matching device and as a directional radiator. Horn
radiators may be fed by coaxial or other types of lines.
Horns are constructed in a variety of shapes as
illustrated in figure 2-43. The shape of the horn and
the dimensions of the length and mouth largely
determine the field-pattern shape. The ratio of the
horn length to mouth opening size determines the beam
angle and, thus, the directivity. In general, the larger
the opening of the horn, the more directive is the
resulting field pattern.
Figure 2-43.Horn radiators.
A waveguide horn, called a FEEDHORN, may
be used to feed energy into a parabolic dish. The
directivity of this feedhorn is added to that of the
parabolic dish. The resulting pattern is a very narrow
and concentrated beam. In most radars, the feedhorn
is covered with a window of polystyrene fiberglass
to prevent moisture and dirt from entering the open
end of the waveguide.
One problem associated with feedhorns is the
SHADOW introduced by the feedhorn if it is in the
path of the beam. (The shadow is a dead spot directly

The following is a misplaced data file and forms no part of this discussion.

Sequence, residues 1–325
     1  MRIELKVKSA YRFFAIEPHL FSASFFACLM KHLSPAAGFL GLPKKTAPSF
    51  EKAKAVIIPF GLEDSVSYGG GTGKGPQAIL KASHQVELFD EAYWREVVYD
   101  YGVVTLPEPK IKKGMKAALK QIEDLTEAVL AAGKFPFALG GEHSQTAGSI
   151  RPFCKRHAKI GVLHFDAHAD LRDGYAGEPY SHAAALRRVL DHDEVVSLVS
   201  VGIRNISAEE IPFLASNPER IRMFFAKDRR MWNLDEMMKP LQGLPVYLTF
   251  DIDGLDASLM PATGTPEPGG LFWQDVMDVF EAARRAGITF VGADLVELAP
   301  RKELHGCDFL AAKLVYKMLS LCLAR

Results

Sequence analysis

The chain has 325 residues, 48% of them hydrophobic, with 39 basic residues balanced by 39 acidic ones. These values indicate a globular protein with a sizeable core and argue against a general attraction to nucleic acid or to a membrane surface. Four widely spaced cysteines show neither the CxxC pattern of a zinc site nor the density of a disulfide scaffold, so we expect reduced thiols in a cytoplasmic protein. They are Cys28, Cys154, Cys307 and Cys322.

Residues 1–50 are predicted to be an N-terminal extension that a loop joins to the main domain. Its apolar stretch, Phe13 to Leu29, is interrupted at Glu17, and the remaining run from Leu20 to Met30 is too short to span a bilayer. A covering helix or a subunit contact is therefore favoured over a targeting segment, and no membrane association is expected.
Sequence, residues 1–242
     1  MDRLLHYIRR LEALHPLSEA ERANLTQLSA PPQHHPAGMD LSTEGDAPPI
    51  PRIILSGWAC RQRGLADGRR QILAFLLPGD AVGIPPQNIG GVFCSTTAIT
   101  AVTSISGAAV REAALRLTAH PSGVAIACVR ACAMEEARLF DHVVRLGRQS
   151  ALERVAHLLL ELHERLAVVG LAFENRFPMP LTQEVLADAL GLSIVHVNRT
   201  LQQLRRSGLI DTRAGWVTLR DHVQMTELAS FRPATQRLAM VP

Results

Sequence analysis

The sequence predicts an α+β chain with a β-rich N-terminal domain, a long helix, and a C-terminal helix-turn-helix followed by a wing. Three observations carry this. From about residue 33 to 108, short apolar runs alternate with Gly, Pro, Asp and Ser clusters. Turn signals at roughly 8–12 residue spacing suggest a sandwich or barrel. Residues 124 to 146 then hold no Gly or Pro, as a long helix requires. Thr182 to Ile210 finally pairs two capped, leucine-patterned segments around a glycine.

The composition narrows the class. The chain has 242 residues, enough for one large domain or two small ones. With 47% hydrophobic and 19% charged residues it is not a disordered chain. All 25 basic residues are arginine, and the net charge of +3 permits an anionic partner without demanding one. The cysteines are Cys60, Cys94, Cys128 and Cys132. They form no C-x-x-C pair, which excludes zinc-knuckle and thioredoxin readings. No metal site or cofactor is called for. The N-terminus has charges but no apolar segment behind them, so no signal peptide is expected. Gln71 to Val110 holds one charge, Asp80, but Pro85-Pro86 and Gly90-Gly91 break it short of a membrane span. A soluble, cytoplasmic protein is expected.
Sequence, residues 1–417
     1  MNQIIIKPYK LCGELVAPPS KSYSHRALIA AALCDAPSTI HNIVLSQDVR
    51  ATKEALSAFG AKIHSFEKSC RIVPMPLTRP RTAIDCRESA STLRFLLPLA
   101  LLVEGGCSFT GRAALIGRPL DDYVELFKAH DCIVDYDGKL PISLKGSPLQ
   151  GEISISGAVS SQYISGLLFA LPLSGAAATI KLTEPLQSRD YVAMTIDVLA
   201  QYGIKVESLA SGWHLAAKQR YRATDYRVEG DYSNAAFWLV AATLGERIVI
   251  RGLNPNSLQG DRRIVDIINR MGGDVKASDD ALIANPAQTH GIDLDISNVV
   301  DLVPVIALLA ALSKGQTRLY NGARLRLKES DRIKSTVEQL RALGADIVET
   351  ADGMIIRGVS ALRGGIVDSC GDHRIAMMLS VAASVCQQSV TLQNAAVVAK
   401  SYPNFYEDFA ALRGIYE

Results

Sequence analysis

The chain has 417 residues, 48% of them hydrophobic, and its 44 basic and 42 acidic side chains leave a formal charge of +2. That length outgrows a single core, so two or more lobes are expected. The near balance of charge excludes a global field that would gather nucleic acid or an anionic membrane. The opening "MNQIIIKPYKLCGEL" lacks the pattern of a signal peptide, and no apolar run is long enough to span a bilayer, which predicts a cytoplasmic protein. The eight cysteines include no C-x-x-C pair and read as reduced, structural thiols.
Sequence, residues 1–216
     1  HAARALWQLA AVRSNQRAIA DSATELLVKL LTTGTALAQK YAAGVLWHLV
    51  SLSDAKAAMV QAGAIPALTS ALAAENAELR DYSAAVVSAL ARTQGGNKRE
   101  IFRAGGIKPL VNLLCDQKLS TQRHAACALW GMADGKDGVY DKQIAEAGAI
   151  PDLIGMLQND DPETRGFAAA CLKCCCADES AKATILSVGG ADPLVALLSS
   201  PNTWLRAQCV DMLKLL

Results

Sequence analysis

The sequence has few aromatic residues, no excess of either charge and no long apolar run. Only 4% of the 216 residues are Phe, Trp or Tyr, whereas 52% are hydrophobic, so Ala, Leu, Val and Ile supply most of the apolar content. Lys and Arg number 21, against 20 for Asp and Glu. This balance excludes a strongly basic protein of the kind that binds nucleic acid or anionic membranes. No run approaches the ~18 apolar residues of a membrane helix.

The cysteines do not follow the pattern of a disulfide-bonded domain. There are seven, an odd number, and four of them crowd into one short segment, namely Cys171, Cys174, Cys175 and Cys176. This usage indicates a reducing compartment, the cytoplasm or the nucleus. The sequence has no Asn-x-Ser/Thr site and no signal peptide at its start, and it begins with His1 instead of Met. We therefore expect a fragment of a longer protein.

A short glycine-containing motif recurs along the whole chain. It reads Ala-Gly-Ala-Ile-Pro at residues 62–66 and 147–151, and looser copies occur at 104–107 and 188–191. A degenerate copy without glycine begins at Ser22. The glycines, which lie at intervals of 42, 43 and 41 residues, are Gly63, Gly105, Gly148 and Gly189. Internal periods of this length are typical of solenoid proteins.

in front of the feedhorn.) To solve this problem the
feedhorn can be offset from center. This location
change takes the feedhorn out of the path of the rf
beam and eliminates the shadow. An offset feedhorn
is shown in figure 2-44.
Now that you have a basic understanding of how
radar antennas operate, we will introduce you to a few
of the radar systems currently in use.
Figure 2-44.Offset feedhorn.
The AN/GPN-27(ASR-8) (fig. 2-45) antenna
radiates a beam 1.5 degrees in azimuth and shaped
in elevation to produce coverage of up to approxi-
mately 32 degrees above the horizon. This provides
a maplike presentation of aircraft within 55 nautical
miles of an airport terminal. The antenna azimuth
Figure 2-45.AN/GPN-27(ASR-8) air